The large shareholder groups of Silver Lake Resources Limited (ASX: SLR) have power over the company. Institutions often own shares in more established companies, while it is not uncommon to see insiders owning a good number of smaller companies. We also tend to see a decrease in the number of insiders in companies that were previously state-owned.
Silver Lake Resources isn’t huge, but it’s not particularly small either. It has a market capitalization of A $ 1.7 billion, which means that it generally expects certain institutions to be listed in the share register. In the graph below, we can see that the institutions hold shares in the company. Let’s take a closer look at what different types of shareholders can tell us about Silver Lake Resources.
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What does institutional ownership tell us about the Silver Lake resources?
Institutions typically measure themselves against a benchmark when reporting to their own investors, so they often become more enthusiastic about a stock once it’s included in a major index. . We would expect most businesses to have some institutions listed, especially if they are growing.
Silver Lake Resources already has institutions listed in the share register. Indeed, they hold a respectable stake in the company. This suggests some credibility among professional investors. But we cannot rely on this fact alone because institutions sometimes make bad investments, like everyone else. When several institutions hold a stock, there is always a risk that they are in a “crowded trade”. When such a transaction goes awry, several parties may compete with each other to sell shares quickly. This risk is higher in a company without a history of growth. You can see the historical revenue and revenue for Silver Lake Resources below, but keep in mind that there is always more to tell.
Silver Lake Resources is not owned by hedge funds. Van Eck Associates Corporation is currently the largest shareholder, with 11% of the shares outstanding. Meanwhile, the second and third shareholders hold 6.4% and 4.9% of the outstanding shares, respectively.
Our studies suggest that the top 25 shareholders collectively control less than half of the company’s shares, which means that the company’s shares are widely disseminated and there is no dominant shareholder.
While it makes sense to study a company’s institutional ownership data, it also makes sense to study analysts’ sentiments to know which way the wind is blowing. The title is covered by analysts, but it could become even more famous over time.
Insider Ownership of Silver Lake Resources
The definition of an insider may differ slightly from country to country, but board members still count. The management ultimately reports to the board of directors. However, it is not uncommon for managers to be board members, especially if they are founders or CEOs.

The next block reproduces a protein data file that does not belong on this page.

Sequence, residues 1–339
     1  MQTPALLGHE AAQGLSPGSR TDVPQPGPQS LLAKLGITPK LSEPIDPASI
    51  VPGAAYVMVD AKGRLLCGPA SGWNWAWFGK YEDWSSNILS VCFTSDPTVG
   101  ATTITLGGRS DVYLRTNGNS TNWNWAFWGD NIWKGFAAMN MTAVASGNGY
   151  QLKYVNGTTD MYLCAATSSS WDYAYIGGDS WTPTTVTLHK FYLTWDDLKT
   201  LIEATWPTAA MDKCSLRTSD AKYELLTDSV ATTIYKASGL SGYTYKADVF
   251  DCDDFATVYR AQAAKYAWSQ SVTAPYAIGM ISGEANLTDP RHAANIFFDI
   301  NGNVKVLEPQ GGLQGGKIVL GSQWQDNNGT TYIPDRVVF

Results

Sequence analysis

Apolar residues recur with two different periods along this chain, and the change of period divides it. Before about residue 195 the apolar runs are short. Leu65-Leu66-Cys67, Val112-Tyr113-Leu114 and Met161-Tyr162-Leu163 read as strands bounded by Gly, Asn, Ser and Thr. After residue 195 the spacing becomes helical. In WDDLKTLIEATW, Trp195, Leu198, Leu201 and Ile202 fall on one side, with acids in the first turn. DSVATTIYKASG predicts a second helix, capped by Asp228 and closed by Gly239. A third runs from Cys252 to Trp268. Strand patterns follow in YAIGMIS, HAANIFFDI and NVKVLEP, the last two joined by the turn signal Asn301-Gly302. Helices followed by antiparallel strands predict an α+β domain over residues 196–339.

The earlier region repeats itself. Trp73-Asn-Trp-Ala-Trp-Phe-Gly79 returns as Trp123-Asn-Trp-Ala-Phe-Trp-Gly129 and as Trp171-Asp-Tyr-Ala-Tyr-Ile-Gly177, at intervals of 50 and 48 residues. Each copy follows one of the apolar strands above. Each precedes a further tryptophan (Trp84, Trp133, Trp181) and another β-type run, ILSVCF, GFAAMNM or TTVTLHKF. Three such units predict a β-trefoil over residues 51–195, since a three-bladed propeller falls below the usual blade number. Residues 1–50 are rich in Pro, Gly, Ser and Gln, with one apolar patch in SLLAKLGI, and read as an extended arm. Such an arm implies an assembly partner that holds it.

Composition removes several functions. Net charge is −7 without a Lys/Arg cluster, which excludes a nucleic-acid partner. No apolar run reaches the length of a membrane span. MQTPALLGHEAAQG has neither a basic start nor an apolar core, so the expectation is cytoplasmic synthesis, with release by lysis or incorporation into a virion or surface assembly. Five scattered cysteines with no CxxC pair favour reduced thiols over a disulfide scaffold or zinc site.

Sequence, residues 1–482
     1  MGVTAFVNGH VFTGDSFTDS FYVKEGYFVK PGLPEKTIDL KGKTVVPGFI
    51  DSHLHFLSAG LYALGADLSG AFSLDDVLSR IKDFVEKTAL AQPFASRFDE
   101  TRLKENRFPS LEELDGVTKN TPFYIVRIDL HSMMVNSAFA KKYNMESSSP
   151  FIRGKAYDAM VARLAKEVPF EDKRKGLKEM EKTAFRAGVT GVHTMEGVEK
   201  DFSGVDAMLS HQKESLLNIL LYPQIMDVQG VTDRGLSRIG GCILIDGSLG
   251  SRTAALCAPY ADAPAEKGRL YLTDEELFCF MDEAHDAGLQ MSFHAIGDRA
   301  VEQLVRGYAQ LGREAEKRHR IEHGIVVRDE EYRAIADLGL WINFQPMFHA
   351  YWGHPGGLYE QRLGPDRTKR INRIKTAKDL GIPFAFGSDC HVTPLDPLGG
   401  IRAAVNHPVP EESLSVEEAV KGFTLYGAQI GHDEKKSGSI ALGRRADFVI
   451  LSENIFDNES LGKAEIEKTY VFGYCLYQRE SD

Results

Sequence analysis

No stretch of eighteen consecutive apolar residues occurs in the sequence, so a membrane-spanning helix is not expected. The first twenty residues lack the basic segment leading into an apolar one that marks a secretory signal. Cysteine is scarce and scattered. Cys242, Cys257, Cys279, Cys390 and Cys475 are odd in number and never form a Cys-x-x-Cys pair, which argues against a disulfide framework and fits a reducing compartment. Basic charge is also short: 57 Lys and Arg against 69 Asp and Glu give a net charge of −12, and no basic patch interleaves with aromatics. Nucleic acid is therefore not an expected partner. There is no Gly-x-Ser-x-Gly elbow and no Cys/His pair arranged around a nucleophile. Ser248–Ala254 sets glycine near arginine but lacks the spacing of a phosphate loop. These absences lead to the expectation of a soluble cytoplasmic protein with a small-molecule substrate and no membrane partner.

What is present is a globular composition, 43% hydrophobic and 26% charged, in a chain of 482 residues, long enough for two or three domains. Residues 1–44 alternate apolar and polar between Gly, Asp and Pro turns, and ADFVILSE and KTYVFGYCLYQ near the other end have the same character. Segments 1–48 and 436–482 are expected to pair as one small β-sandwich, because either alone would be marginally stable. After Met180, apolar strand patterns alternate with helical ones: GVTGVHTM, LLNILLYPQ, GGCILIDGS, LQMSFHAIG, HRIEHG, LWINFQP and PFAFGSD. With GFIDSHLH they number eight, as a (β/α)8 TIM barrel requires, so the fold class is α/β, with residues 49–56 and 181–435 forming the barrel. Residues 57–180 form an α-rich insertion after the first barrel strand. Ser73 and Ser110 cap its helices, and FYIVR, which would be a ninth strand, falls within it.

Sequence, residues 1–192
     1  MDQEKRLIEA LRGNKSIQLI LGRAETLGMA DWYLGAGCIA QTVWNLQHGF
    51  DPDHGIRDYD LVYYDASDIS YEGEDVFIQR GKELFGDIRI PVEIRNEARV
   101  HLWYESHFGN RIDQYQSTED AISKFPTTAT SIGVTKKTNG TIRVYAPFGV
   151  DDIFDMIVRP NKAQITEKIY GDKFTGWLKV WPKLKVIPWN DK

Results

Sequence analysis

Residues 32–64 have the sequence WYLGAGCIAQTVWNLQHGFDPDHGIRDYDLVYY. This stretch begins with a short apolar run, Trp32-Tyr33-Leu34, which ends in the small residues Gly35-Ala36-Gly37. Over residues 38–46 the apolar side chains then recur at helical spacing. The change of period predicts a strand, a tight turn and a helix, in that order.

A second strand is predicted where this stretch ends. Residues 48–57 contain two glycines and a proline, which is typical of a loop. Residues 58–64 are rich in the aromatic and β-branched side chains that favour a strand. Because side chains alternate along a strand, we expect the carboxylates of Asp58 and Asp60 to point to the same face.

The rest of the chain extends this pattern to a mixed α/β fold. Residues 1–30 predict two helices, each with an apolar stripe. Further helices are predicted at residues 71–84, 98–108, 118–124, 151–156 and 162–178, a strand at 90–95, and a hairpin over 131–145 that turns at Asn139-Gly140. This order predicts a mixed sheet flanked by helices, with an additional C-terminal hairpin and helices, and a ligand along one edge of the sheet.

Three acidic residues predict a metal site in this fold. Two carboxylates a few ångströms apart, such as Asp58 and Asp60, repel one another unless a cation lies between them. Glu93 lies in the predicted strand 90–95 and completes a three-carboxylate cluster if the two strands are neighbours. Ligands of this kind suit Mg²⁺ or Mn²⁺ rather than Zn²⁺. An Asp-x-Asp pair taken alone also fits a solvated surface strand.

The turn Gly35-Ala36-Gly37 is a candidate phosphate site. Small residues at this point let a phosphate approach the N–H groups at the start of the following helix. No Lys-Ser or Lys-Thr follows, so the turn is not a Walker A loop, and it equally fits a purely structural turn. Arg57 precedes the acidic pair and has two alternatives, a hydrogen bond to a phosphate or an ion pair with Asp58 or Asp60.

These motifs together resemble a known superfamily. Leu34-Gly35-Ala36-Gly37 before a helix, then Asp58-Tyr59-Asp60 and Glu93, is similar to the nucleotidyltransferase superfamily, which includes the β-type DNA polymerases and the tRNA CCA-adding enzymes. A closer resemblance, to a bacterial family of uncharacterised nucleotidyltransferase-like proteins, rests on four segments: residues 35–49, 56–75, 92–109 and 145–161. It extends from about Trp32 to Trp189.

Insider ownership is positive when it indicates that executives think like the real owners of the company. However, strong insider ownership can also confer immense power on a small group within the company. This can be negative in some circumstances.
Our data suggests that insiders own less than 1% of Silver Lake Resources Limited in their own name. However, it is possible that insiders will have an indirect interest through a more complex structure. It’s a big company, so even a small proportional interest can create alignment between the board and shareholders. In this case, insiders own AU $ 2.7 million in shares. It’s good to see board members owning stocks, but it might be worth checking out if those insiders have bought.
General public property
The general public collectively owns 53% of the shares of Silver Lake Resources. This level of ownership gives mainstream investors some power to influence key policy decisions such as board composition, executive compensation, and dividend payout ratio.
I find it very interesting to see who exactly owns a company. But to really understand better, we have to take other information into account as well. Concrete example: we have spotted 2 warning signs for Silver Lake Resources you must be aware.
Ultimately the future is the most important. You can access this free analyst forecast report for the company.
NB: The figures in this article are calculated from data for the last twelve months, which refer to the 12-month period ending on the last date of the month of date of the financial statement. This may not be consistent with the figures in the annual report for the entire year.
This Simply Wall St article is general in nature. We provide commentary based on historical data and analyst forecasts using only unbiased methodology and our articles are not intended to be financial advice. It does not constitute a recommendation to buy or sell any stock and does not take into account your goals or your financial situation. Our aim is to bring you long-term, targeted analysis based on fundamental data. Note that our analysis may not take into account the latest announcements from price sensitive companies or qualitative documents. Simply Wall St has no position in any of the stocks mentioned.
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